Lycopene gives tomatoes, pink grapefruit, watermelon, and guava their red color. Many (but not all) red-colored fruits and vegetables contain lycopene. Some vegetables, such as asparagus, although not red, also have high levels of lycopene. In many countries, the majority of lycopene in the diet comes from tomatoes and tomato products like tomato sauce, tomato paste, and ketchup.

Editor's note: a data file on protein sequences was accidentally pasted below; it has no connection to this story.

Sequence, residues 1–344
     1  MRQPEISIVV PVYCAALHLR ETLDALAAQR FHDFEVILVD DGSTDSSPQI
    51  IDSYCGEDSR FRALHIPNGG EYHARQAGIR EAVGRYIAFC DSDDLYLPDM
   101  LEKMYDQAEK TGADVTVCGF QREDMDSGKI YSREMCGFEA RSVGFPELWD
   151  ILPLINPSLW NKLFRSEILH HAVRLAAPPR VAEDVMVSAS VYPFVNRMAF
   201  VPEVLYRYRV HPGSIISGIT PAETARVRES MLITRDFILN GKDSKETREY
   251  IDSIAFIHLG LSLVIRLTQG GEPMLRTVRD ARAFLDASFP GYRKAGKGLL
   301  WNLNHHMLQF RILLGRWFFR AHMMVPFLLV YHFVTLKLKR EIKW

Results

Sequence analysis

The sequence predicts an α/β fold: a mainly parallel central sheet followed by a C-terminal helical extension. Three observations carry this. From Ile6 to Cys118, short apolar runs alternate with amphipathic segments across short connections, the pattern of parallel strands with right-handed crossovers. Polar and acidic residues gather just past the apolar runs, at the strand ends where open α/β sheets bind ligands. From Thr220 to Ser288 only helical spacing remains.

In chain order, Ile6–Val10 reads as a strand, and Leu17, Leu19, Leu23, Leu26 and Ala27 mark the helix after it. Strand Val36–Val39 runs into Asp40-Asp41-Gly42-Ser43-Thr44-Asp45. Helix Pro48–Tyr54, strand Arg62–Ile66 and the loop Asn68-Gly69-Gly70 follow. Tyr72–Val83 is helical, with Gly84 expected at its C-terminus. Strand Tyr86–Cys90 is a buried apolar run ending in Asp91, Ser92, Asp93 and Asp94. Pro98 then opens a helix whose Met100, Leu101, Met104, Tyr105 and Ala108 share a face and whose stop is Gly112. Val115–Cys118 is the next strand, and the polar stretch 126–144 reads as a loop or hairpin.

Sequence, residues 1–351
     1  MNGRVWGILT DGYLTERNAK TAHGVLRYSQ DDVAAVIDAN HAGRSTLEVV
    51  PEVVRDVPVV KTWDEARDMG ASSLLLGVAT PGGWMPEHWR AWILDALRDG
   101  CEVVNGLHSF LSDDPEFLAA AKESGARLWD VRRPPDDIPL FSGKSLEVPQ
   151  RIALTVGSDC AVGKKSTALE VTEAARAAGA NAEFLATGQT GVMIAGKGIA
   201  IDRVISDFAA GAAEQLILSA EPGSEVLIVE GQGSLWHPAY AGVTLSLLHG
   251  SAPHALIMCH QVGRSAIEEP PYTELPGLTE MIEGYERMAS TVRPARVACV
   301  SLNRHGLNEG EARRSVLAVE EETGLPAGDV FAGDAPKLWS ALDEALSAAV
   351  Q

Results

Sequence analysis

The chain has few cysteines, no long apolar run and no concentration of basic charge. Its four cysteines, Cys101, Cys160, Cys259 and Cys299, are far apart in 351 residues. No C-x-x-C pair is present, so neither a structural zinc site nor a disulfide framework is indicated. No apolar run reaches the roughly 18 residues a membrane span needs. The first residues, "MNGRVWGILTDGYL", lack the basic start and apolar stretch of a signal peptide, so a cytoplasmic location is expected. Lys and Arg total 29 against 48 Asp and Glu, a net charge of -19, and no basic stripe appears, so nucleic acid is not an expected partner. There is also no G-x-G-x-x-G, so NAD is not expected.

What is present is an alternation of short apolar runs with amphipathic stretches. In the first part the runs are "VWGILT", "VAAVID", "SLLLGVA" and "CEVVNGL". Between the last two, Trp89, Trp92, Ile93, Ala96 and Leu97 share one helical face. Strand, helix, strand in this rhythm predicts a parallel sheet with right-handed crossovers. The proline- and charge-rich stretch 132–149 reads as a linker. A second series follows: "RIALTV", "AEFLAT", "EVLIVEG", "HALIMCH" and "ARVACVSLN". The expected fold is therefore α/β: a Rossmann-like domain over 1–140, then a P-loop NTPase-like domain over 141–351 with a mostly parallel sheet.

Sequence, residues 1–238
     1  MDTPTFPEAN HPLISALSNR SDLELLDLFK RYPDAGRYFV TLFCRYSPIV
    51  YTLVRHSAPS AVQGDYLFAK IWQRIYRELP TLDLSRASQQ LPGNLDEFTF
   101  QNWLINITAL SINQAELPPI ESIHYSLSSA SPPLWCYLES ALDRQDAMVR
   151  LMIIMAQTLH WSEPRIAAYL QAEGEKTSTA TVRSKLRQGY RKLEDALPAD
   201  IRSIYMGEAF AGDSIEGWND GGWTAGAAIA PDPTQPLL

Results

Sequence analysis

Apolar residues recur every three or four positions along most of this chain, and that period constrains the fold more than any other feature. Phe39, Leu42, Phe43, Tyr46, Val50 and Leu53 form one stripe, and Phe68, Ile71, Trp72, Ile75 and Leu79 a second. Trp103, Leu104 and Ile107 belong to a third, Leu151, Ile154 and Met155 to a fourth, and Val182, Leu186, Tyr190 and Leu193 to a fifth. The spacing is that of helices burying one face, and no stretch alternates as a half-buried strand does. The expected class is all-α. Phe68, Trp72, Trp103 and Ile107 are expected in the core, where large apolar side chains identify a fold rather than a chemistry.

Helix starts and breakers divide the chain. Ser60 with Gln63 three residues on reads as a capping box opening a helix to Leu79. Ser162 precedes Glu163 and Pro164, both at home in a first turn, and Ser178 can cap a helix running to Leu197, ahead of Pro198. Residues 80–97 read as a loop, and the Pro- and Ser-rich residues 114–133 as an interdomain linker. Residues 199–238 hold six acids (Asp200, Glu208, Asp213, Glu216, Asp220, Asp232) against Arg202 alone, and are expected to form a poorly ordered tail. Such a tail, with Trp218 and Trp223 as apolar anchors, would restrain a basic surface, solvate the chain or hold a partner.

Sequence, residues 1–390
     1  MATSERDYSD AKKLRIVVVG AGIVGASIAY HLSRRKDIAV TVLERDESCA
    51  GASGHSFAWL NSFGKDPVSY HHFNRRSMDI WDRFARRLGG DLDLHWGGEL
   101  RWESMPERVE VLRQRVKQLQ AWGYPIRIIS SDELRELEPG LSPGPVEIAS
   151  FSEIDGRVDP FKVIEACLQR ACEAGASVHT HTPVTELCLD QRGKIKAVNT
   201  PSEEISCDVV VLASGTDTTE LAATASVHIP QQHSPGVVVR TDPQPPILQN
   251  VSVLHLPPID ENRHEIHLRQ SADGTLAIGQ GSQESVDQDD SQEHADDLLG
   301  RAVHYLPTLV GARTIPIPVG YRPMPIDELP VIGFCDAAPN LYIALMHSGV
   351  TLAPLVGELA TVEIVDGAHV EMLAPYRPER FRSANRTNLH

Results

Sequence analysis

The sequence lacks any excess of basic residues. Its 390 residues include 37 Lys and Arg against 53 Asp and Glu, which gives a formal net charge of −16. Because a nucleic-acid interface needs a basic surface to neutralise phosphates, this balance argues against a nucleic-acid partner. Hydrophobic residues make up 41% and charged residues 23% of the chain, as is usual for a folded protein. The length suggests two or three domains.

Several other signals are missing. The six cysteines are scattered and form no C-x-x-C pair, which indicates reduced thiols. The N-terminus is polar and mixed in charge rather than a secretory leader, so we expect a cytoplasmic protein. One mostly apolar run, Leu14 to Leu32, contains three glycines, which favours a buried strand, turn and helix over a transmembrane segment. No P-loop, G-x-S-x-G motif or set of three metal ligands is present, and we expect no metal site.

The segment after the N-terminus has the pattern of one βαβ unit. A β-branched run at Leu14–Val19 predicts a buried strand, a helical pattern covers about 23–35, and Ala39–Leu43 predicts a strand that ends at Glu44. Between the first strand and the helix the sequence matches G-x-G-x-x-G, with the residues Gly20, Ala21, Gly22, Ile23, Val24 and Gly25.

The bioavailability of lycopene from tomatoes is substantially improved by heating tomatoes in oil.

Synthetic lycopene and lycopene from natural sources, mainly tomatoes, are available as nutritional supplements. Many commercial supplements provide 5–20 mg of lycopene.

Authored by Dr Peter Engel in 2010, reviewed and revised by  Jonas Wittwer Schegg on 06.10.2017.